Evan Eaton’s review published on Letterboxd:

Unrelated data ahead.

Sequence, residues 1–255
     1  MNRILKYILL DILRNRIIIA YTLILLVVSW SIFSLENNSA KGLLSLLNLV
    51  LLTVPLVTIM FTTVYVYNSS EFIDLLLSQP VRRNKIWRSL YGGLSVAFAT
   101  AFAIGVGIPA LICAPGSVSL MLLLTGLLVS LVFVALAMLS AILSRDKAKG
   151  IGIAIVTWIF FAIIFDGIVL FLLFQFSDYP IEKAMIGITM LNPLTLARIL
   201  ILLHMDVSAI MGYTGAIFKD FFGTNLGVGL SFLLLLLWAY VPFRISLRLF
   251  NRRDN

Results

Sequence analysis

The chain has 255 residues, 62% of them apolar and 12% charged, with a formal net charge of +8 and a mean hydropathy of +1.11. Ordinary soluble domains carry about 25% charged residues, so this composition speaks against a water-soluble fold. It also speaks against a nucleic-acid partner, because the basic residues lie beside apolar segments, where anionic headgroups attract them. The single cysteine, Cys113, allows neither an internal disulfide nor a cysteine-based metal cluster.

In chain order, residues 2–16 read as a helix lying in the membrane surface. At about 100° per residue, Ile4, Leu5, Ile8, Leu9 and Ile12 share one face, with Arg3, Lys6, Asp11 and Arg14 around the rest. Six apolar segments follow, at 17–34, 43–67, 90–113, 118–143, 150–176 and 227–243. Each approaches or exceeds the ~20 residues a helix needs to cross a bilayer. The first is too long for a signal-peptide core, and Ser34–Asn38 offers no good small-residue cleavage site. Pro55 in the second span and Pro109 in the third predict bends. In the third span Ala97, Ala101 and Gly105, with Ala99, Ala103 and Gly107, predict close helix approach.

A city’s innermost secrets spilling out into the sea, drifting into the protection program of big business and bureaucracy. Nicholson personifies the helpless frustration of Los Angeles’ conscience, wading through the incestuous pit of corruption and parasitic politicians. Polanski’s nerve to explore a commentary on institutionalised abuse of power is almost as sickening as the film itself, the hypocrisy in its agenda impossible to ignore. In spite of this, Chinatown almost indifferently still manages to be the closest to black and white colour ever came, a format-defying film-noir for the ages. Goldsmith’s music is mystifying, Towne’s script is narrative gold, Faye Dunaway owns the screen, and to see John Huston give a performance on par with his directorial abilities is spine-chilling. In the end evil conquers all, and rich, sexual abusers magic themselves out of convictions, flying freely into the night. Sounds an awful lot like real life.